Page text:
As we consider this Shame/Honor paradigm, I want us to avoid two likely mistakes:
These ideas are important, because the risk is high we’ll assume Muslims are cold to the things of God (“Resistant” has been the go to word.), when maybe they’ve been pitched an answer to a question they’re not asking. The good news of life in Jesus comes to them healing deep, but different, aches of the soul.
Learn more here. Next time we’ll kick around how shame/honor dynamics are affected when someone from a shame culture moves into (or grows up in) a guilt/innocence culture. If you’ve wrestled with this, I’d love to hear your thoughts.
|Thank you for reading Muslim Connect. Sometimes I can’t believe I get to write this and people actually read it! It’s both an honor and great fun.
It’s fun when people write in with helpful critique or additions. Sometimes people agree with what I wrote the previous week, like the guy who said, “You’re right! You are politically naive!”
Occasionally people will ask for advice in responding to something a friend sent them.
Such an email arrived this week. It raised some interesting and valid questions. Then just before the apparently obligatory, “with the ACLU, there is no way this will be widely publicized, unless each of us sends it on!” I read this line:
“In 20+ years there will be enough Muslim voters in the U.S. to elect the President.”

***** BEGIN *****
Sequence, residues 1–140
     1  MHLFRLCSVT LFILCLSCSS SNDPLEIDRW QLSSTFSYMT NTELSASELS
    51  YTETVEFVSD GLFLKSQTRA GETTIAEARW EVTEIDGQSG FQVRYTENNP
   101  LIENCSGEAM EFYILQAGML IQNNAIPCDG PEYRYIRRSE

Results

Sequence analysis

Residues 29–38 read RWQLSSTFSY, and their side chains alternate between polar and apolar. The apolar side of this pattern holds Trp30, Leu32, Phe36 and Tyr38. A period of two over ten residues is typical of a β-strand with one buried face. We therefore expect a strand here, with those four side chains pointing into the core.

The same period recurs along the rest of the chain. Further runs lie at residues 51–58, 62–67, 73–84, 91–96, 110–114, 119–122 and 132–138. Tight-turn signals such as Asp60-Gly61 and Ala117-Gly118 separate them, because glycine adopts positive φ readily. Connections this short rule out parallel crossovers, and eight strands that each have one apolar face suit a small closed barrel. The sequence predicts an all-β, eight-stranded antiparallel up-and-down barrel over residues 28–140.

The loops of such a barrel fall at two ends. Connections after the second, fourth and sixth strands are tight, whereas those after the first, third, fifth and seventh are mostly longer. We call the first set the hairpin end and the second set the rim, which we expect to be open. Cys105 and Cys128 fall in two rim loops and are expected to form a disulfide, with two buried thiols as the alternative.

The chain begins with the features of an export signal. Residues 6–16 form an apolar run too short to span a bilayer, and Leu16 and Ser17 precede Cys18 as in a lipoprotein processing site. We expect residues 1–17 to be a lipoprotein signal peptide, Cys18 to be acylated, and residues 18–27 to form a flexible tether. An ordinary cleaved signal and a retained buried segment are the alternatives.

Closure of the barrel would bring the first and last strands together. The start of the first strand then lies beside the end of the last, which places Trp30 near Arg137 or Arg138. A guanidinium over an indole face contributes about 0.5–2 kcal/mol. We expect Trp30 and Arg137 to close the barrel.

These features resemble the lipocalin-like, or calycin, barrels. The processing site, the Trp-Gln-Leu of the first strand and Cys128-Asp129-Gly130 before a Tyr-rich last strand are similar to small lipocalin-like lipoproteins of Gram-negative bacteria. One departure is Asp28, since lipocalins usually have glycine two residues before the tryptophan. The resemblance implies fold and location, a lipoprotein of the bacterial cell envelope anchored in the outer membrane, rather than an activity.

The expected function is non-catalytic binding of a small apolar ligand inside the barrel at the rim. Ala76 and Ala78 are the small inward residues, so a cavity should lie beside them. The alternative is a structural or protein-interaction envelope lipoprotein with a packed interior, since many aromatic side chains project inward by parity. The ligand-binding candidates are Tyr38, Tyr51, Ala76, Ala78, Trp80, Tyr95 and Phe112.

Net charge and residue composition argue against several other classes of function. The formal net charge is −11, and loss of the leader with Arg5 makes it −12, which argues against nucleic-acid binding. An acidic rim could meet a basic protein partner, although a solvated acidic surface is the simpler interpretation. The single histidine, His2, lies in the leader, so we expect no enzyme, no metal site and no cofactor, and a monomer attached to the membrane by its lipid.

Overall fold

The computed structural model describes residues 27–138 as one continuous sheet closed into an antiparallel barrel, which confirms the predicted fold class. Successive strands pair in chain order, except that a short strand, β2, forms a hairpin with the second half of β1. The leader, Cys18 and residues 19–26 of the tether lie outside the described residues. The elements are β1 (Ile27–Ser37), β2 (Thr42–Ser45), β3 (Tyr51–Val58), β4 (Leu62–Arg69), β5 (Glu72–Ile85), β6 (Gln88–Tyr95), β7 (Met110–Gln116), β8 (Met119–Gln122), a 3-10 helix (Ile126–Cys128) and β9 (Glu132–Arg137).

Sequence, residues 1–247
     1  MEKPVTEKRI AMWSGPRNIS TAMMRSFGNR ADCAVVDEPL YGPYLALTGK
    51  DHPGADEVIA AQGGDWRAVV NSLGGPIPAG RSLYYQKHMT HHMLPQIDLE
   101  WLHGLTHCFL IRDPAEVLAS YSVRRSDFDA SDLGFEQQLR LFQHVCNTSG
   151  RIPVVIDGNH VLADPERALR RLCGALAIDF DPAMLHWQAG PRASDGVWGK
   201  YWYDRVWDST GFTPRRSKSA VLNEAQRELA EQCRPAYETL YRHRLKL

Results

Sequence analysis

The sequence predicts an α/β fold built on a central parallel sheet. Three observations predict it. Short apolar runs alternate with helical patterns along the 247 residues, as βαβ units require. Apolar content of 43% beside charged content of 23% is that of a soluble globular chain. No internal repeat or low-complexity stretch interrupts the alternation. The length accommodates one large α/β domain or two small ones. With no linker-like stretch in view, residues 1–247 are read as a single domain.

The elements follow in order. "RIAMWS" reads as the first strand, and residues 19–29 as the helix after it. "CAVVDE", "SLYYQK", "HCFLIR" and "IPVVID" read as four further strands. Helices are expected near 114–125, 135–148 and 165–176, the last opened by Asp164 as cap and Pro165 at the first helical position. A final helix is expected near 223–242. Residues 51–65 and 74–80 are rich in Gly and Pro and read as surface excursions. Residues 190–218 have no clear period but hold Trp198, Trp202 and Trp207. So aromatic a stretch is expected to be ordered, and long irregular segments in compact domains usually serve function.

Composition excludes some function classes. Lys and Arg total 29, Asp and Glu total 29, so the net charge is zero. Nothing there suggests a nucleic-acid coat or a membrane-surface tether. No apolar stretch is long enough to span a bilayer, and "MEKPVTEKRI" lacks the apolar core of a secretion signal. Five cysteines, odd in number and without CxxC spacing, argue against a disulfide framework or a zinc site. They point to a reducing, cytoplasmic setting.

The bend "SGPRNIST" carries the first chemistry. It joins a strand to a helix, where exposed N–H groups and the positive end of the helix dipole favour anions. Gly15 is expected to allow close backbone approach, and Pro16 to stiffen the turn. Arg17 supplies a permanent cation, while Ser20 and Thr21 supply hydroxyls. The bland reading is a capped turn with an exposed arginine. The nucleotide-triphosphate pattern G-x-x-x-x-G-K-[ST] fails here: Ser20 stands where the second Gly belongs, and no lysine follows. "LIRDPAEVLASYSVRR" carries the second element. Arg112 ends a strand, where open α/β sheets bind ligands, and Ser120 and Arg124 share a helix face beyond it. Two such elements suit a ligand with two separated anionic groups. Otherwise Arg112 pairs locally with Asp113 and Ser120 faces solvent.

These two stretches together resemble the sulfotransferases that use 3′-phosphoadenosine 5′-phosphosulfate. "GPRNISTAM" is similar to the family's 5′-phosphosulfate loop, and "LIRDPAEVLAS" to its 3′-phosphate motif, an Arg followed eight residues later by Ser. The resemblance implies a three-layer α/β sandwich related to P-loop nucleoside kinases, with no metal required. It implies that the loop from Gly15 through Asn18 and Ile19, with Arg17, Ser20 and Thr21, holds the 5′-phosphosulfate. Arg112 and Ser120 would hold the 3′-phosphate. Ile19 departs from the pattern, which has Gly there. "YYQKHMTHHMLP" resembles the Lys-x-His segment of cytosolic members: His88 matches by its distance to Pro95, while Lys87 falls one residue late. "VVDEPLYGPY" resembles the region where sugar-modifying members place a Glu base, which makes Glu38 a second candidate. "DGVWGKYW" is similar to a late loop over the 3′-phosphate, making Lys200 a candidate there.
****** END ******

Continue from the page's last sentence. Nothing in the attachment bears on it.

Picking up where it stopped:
If you were to read this, you’d probably think, “How can that be true?” But you have a life and might not get around to actually doing the math. Lucky day! I did it for you. (Yeah, pretty much don’t have a life!)
NPR says that it’s mathematically possible to win the Electoral College with only 30,000,000 votes. That’s only 10% of the voting age population! Crazy, but that’s our system and this email is not about bashing the Electoral College!
Solid research estimates that 3,500,000 Muslims live in the U.S. right now. This number grows by 100,000 per year or about 3%. At that rate, in twenty years, the Muslim population will be 6.3 million; in 50 years, 15 million. That means it will take 73 years to produce 23,000,000 voting-eligible Muslims, who would all have to vote for the same person, in an wildly unlikely scenario to “elect the President!” This also assumes a stagnant non-Muslim U.S. population.